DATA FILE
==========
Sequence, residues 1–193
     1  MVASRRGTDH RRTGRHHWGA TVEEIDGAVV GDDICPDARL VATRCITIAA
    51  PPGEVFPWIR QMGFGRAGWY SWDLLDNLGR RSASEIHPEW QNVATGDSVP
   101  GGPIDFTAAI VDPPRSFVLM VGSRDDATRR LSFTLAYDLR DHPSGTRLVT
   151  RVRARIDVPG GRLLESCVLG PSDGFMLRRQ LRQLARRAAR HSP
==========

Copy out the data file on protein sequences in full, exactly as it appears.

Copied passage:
Sequence, residues 1–193
     1  MVASRRGTDH RRTGRHHWGA TVEEIDGAVV GDDICPDARL VATRCITIAA
    51  PPGEVFPWIR QMGFGRAGWY SWDLLDNLGR RSASEIHPEW QNVATGDSVP
   101  GGPIDFTAAI VDPPRSFVLM VGSRDDATRR LSFTLAYDLR DHPSGTRLVT
   151  RVRARIDVPG GRLLESCVLG PSDGFMLRRQ LRQLARRAAR HSP